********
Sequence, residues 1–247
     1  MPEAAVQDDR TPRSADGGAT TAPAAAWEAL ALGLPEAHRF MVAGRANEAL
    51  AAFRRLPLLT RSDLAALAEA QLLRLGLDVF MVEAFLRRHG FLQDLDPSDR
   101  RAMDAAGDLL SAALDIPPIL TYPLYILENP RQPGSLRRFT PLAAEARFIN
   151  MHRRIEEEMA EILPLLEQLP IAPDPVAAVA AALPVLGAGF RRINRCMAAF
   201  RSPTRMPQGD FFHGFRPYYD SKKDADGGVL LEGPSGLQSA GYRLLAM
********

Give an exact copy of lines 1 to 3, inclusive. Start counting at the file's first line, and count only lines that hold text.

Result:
Sequence, residues 1–247
     1  MPEAAVQDDR TPRSADGGAT TAPAAAWEAL ALGLPEAHRF MVAGRANEAL
    51  AAFRRLPLLT RSDLAALAEA QLLRLGLDVF MVEAFLRRHG FLQDLDPSDR